If you believe you may be instructed to wear a court-ordered GPS monitor, you probably have many questions.
Dean Tsourakis, an experienced Clearwater criminal defense attorney, is dedicated to helping people in these situations by defending their rights and ensuring you have the information needed related to Florida ankle monitor laws, rules, costs, and more.
What Is An Ankle Monitor with GPS?
A court-ordered GPS monitor is worn on the ankle and cannot be removed until the court-approved date. It is a device that the courts will use as a substitute for harsher penalties, such as incarceration. An ankle monitor in Florida is typically worn when a defendant is on house arrest, probation, or parole. A judge may also order them for a defendant prior to going to trial.
Wearing an ankle monitor in Florida is often referred to as community control. Court-ordered GPS monitors are supervised and monitored by the Florida Department of Corrections.
How Do They Work?
Ankle monitors with GPS are used to track your location, and they are monitored 24 hours per day around the clock. GPS technology uses radio frequency signals to communicate your location to a monitoring station. Depending on your particular case, the courts may rule that you have certain limits on where you can go. If you go outside a specific perimeter, the court-ordered GPS monitor will alert the monitoring station.
If you are found to be in noncompliance with the court order, the Florida Department of Corrections will create a noncompliance report. These reports are then investigated by a community control officer, resulting in law enforcement apprehension.
Another one of the ankle monitor rules is that you cannot attempt to damage or remove the device. If you try to damage or remove it, the device will automatically send a signal to the law enforcement agency or agencies monitoring you. Florida HB 75, passed by the legislature and signed by the governor in 2016, made the removal of a court-ordered GPS monitoring device a third-degree felony.
How Much Do Ankle Monitors Cost?
In addition to any fines and fees you may be facing, you should be aware that there is an ankle monitor cost. According to Florida statute, the person who has a court-ordered GPS monitor has to pay for the monitoring services, including the device’s installation and monitoring.
Costs can vary somewhat, and there is a subsection in Florida Statute 287.057, which requires that the procurement of electronic monitoring services will be a competitive process.
It can cost, generally speaking, up to hundreds of dollars to install and hundreds of dollars per month for the monitoring services. If you are designated to get an ankle monitor in Florida that also monitors alcohol – a Secure Continuous Remote Alcohol Monitoring (SCRAM) bracelet, the costs can increase. These SCRAM bracelets are often part of probation GPS monitoring after a DUI arrest or conviction.
What Types of Crimes Get An Ankle Monitor in Florida?
Multiple crimes are listed in state statutes as part of the Florida Department of Corrections community control program.
One of the primary ones that include a court-ordered GPS monitor, as listed above, is a DUI or driving under the influence of drugs. The SCRAM bracelets monitor the individual’s hourly alcohol levels by testing their sweat. The data is then uploaded into a database monitored by law enforcement, in addition to location tracking. These bracelets are often used before the trial date of a defendant as a cost-effective way (for law enforcement) to keep people out of jail.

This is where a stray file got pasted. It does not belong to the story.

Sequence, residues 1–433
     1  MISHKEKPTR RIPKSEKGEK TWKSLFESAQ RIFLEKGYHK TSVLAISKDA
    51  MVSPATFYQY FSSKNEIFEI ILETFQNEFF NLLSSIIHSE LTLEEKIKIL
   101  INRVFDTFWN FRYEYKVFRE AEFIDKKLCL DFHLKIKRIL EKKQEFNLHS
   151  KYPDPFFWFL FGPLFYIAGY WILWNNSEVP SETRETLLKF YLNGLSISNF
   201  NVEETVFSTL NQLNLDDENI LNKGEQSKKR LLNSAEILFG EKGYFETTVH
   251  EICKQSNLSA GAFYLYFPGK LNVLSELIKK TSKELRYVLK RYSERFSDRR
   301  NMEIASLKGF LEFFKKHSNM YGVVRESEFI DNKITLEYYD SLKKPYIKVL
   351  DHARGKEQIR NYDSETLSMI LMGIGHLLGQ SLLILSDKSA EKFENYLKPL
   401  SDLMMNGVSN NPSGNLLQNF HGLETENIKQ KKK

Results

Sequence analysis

Court-ordered GPS monitors are often used if you are on house arrest or community control. Depending on the circumstances, the judge may allow you to go to work, doctor’s appointments, perform community service, or to religious services.
Additionally, ankle monitors in Florida are sometimes utilized by U.S. Immigration and Customs Enforcement (ICE) to place a person in the U.S. illegally into a detention center, pending their upcoming hearing.
Florida Ankle Monitor Rules
The first Florida ankle monitor rules that many people think of are limitations on where you can go in a particular geographic region, but multiple rules are commonly placed on individuals. It is on a case-by-case basis, but understanding your rules and any potential consequences of violations is key to your future freedom and quality of life.
Here are some common rules for individuals with ankle monitors:
- Meeting with their probation or parole officer at scheduled times
- Keeping a job
- Paying all of their court fees
- Abstaining from drugs and alcohol
- Staying in compliance with each condition of supervision for the duration of the court-ordered GPS monitoring
If you break the rules, there can be serious consequences. You will be subject to arrest. Depending on the conditions of your case, you may face more strict monitoring terms, have your parole revoked, and face jail time.
Motion to Remove Electronic Monitoring
In certain circumstances, your criminal defense attorney may be able to file a motion to remove mandated electronic monitoring. These are primarily done in the pre-trial phase and for those without a criminal history, which is called a Motion to Modify Pretrial Release Conditions (GPS).
It is advised to consult with a criminal defense attorney to determine whether this may be an option for your case.
Get the Right Legal Representation
When the future is unclear, seek the right path. Dean Tsourakis is here to help you through it. He provides clear steps and the simplest possible solution to the problem you face.
He is a highly experienced criminal defense attorney, and experience really matters when it comes to criminal cases. No matter the charge, he works hard for fairness and justice.
Contact Dean G. Tsourakis to schedule a free, confidential consultation today.on Apr 5, 2022